New Soybeans and Sunflower Rust

Good morning to all.  I hope everyone has been having a very good week.  Well what going on this week you may ask.  Once again it’s been a very busy week, scouting fields, looking at trials, and attending field days.  This past Tuesday I had the oppurtunity to attend a Roundup Ready Learning Xperience down in Clara City, MN.  This field day was organized to make seed companies, applicators, and growers aware of the new soybean trait offering from Monsanto, Roundup Ready to Xtend soybeans.  This new soybean will be a huge advancement in which the soybean will be tolerant to both glyphosate and dicamba, making it yet another tool in the toolbox to fight resistant weeds in the area.   Many of you out there when I say dicamba you think of Banvel and how well it works…….and how much it drifts.  This was one of my first concerns when I heard of this technology being developed.  This field day was designed to show the participants the correct way to apply this product in their soybeans.  First, they are developing a formulation of dicamba that is considered much less of a drift concern then previous formulations.  Next, they have taken great steps in identifying steps that need to be taken to not only reduce off target spray issues but to also improve weed control.  Here is a quick list:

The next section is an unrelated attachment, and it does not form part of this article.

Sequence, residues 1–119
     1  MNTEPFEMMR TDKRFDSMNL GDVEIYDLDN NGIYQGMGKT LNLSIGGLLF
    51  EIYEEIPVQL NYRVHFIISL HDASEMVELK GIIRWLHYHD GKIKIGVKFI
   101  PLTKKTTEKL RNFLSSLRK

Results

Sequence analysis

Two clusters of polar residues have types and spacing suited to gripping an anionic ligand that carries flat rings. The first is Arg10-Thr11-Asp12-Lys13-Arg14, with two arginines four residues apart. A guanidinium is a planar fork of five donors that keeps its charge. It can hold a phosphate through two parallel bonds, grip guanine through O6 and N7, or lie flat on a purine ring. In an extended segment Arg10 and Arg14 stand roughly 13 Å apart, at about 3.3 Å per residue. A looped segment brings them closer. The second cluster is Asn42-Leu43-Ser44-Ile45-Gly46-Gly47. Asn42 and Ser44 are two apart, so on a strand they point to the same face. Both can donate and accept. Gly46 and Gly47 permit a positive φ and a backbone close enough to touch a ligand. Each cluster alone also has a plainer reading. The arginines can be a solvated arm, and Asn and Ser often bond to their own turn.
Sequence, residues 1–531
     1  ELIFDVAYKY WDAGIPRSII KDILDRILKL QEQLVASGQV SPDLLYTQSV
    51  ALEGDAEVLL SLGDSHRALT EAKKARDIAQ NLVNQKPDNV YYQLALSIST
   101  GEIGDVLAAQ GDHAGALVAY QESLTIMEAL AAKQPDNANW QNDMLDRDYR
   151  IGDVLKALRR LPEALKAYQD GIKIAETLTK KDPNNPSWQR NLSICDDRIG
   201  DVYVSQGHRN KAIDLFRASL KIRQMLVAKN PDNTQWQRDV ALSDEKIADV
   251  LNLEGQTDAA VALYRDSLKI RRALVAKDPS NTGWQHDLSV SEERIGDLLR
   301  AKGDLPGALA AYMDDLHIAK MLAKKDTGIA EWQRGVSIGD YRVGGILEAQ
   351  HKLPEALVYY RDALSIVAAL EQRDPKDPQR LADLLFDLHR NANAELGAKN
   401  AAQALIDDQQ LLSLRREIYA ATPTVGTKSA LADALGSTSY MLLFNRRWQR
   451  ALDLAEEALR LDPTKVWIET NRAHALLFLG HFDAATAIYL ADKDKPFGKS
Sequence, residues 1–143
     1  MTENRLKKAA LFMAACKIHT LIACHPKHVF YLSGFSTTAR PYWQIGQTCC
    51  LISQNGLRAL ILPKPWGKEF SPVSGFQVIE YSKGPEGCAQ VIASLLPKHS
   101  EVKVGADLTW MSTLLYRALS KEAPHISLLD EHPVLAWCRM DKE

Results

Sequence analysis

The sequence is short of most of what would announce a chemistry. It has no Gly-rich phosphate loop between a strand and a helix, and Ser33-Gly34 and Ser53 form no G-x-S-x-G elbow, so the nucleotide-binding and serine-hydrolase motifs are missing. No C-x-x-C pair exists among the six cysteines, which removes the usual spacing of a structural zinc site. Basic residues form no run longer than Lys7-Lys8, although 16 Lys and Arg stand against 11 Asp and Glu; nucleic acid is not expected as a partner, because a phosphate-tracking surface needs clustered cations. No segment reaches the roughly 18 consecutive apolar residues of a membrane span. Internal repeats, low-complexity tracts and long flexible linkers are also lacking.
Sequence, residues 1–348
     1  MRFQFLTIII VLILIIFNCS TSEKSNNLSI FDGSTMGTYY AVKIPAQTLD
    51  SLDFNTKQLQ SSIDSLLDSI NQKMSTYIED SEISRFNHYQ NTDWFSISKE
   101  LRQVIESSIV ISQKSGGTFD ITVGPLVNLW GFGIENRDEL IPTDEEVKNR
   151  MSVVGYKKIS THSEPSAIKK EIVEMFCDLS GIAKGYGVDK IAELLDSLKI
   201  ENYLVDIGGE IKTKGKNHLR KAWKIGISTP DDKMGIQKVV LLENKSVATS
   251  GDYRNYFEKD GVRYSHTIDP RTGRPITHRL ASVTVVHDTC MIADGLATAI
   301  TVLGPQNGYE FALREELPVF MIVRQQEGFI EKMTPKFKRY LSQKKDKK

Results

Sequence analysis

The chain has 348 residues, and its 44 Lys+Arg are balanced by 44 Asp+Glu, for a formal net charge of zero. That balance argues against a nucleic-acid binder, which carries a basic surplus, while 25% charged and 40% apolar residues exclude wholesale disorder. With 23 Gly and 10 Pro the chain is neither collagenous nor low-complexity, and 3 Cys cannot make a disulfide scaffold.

1. Nozzles – very course or ultra course
  2. Wind speed – 3 – 10 mph
  3. Boom height – 20″ above canopy
  4. GPA – at least 10 gallons
  5. Ground speed – less than 15 mph

With these steps listed above they will aslo recommend a spray buffer, the use of a drift retardent, and spaying weeds less then 4″ in height.  The use of dicamba will help control glyphosate-resistant weeds such as marestail, palmer pigweed, kochia, and waterhemp.  They will also be recommending the use of a pre-emerge herbicide, which should be used anyway in my opinion, to make this a complete systems approach.  Also, this tecnology will add some flexiblity in post control with up to two applications of 0.5 lb ae/acre of dicamba though beginning of flowering in the soybeans.  Look for this new soybean to be available for growers to plant in 2015.

One other issue that I would like to hit on really quick is the possiblitly of rust in sunflowers.  Looking at the weather over the past couple weeks it has been very conducive for this pathogen to affect sunflowers.  Look for the red/copper colored pustules on the top four leaves of the plant.  In the past this disease has caused economic loss in sunflowers and it can spread very quickly.  Concentrate your scouting on oil hybrids that you may know are more susceptible, and confection hybrids (naturally more susceptible then oils).  If the amount of rust concentrated on the top four leaves is exceeding 1% of the total leaf on our before bloom an application of a fungicide is recommended.  Headline, Quadris, and Folicur (and its generics) are all labelled for use on sunflowers, and all of them do a pretty good job.  One important thing to remember when spraying for rust is that sooner is better, after sunflowers have reached full bloom much of the damage may have already been done.  For more information on this topic feel free to email me at

Next week look for highlights from our Summer Kickoff Meeting.  Until then I hope everyone has a very good day, and a great weekend.